May 16, 2018; Indian Country Today
Earlier this month, The Robert Wood Johnson Foundation (RWJF), which gives an annual RWJF Sports Award to sports organizations that contribute to health through sport said it “will no longer honor teams with Native mascots,” reports Vincent Schilling in Indian Country Today.
This move comes in response to the reaction RWJF received after the Kansas City and Washington football team foundations were among its 2017 professional sports team finalists, despite having American Indian mascots. Eric Mann, Vice President of Communications, said to the National Congress of American Indians (NCAI),
The Foundation has taken a hard look in the mirror at the consequences of our decision to include the Washington and Kansas City football teams as finalists for the RWJF Sports Award last year. We heard directly from many of you at that time—expressing your disappointment and outrage. Since then, we’ve listened more and learned much from you and from so many honest and courageous young people at the NCAI gathering who told us of the pain and trauma they experience amidst the onslaught of stereotypes of American Indian and Alaskan Native people, including the misappropriation of sacred and revered traditions.
Earlier this month, Richard Besser, CEO of the foundation, penned an op-ed in USA Today to explain the foundation’s decision:
Though one might not think of racism and discrimination as factors in health, the clear science tells us otherwise. They impact the physical, emotional and psychological health of people, especially children.
Sign up for our free newsletters
Subscribe to NPQ's newsletters to have our top stories delivered directly to your inbox.
More specifically, research shows deep psychological consequences caused by the perpetuation of American Indian stereotypes—whether they are deemed offensive or not. As University of Arizona researcher Stephanie Fryberg and colleagues found, “American Indian mascots are harmful because they remind American Indians of the limited ways others see them and, in this way, constrain how they can see themselves.”
So one would expect a major health foundation to be speaking out against derogatory language and images. Instead, the 2017 RWJF Sports Award recognized the Washington Redskins and the Kansas City Chiefs as finalists, and the foundation became party to injustice and the mistreatment of an entire group of people—a failure that echoes our nation’s struggles to heal centuries-old trauma and right historic wrongs. In short, we got an important health issue wrong. Besser added,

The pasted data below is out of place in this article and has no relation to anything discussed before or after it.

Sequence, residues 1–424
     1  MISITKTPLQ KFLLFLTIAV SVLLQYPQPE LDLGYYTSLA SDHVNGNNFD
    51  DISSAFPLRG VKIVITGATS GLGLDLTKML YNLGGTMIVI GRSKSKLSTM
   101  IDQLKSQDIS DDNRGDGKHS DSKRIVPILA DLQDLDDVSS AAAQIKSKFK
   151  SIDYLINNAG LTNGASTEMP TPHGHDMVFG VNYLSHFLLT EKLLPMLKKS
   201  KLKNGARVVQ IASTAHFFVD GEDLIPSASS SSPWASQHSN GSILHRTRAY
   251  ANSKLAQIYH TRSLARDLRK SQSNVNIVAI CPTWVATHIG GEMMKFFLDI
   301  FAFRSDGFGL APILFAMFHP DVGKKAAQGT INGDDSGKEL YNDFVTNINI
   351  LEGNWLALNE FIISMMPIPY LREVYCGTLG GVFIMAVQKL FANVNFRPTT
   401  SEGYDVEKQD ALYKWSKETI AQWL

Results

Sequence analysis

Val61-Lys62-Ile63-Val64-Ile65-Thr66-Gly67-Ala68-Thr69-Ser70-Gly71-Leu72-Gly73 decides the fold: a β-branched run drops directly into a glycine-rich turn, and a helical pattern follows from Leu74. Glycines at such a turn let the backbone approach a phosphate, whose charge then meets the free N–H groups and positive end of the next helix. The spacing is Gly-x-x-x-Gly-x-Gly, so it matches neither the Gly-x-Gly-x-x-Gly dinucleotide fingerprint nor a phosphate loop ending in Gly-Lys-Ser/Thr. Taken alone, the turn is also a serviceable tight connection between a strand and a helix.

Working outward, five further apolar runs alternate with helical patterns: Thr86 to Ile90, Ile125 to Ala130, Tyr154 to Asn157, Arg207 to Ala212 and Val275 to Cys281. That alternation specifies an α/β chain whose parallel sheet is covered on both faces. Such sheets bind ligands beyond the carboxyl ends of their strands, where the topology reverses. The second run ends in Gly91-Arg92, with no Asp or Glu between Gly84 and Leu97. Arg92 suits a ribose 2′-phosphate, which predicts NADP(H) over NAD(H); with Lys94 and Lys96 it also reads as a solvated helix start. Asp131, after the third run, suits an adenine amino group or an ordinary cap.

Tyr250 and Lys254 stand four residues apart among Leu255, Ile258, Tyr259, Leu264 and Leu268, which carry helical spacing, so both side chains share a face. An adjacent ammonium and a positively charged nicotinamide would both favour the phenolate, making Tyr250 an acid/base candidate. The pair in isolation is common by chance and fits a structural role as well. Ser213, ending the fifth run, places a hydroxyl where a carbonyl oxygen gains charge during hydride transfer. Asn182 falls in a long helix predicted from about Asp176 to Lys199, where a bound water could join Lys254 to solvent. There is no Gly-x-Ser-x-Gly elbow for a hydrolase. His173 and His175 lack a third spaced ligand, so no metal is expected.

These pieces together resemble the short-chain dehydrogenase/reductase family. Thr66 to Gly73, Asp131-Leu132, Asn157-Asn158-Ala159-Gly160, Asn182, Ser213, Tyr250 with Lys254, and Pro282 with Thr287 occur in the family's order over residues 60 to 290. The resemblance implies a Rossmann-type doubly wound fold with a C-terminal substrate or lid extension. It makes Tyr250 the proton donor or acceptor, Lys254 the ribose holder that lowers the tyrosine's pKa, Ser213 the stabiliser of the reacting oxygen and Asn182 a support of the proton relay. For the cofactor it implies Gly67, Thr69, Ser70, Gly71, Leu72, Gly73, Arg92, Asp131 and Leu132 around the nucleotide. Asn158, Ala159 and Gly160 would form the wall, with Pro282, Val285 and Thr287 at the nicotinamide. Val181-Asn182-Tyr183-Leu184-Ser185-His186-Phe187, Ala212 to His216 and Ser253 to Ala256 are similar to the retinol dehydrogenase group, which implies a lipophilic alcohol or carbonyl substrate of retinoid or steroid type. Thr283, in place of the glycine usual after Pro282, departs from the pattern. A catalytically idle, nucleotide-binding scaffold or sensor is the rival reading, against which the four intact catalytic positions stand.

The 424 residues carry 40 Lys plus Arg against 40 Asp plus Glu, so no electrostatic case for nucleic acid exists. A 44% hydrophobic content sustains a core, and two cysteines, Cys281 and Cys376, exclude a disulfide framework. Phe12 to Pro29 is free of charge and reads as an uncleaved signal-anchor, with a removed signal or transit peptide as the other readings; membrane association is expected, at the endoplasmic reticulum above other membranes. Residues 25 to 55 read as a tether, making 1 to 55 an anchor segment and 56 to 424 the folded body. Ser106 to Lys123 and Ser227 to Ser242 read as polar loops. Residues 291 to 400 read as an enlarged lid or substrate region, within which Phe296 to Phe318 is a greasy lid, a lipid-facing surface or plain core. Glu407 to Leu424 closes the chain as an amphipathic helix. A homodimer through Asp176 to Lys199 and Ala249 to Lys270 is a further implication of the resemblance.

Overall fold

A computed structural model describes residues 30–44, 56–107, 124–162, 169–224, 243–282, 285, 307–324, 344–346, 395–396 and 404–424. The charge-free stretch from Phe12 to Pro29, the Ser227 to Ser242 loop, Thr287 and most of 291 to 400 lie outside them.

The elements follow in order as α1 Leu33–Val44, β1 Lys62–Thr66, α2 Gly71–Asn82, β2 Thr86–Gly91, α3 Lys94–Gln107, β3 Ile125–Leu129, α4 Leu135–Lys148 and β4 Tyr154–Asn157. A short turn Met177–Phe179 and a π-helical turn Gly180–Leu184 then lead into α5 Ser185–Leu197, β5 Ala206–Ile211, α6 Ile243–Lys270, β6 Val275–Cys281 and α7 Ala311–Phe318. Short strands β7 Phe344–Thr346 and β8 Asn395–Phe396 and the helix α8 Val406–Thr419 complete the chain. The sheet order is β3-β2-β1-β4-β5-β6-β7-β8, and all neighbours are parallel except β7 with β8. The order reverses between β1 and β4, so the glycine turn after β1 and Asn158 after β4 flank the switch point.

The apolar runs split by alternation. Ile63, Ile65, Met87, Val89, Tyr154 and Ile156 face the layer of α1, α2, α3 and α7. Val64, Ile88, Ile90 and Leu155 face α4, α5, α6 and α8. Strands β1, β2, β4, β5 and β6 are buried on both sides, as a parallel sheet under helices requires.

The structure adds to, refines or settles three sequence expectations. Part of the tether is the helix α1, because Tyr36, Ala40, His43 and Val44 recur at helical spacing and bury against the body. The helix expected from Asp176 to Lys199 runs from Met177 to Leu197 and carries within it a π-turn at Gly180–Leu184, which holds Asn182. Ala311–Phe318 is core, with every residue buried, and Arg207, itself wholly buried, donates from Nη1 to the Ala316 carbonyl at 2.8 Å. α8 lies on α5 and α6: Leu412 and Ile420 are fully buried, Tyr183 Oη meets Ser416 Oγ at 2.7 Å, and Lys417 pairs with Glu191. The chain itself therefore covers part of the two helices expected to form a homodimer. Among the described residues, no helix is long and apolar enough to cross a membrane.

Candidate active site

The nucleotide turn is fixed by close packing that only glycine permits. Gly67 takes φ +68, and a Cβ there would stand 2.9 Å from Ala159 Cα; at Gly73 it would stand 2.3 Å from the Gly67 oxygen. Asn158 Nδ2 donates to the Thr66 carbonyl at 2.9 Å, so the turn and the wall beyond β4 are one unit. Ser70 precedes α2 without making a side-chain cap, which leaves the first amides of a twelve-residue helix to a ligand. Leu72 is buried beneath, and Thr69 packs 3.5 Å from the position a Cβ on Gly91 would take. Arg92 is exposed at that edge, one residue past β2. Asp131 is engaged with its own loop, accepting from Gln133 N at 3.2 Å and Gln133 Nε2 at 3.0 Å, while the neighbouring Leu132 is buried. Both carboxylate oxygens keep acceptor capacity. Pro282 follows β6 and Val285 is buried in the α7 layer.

Our foundation, tucked away in the outskirts of Princeton, N.J., has over the past year unwittingly become part of the problem by using the RWJF Sports Award to honor teams that denigrate American Indian people. We didn’t consider the fact that the team names, mascots and misappropriation and mocking of sacred symbols like headdresses do real damage to the health of people across the country.
Schilling notes that the foundation’s action has received widespread support from the American Indian community: “Since Besser’s article has ran, The Native Truth Project, headed-up by Crystal Echo Hawk, President & CEO of Echo Hawk Consulting, Michael E. Roberts President & CEO of the First Nations Development Institute; and Cheryl Crazy Bull, President & CEO of the American Indian College Fund…have openly applauded the statements by Besser and the RWJF.” The National Congress of American Indians also released a supportive statement.
The RWJF Sports Award application page on the RWJF website expresses the sentiment that this is “a humbling moment” and includes a link to the USA Today op-ed. The application form this year explains, “RWJF will not consider an application if it is submitted by an entity whose name, brand, or practices—in the Foundation’s judgment—denigrates, harms, or discriminates against any racial or ethnic group. For example, a team with a name or mascot that, in RWJF’s view, denigrates Native Americans will not be eligible for the award.”—Steve Dubb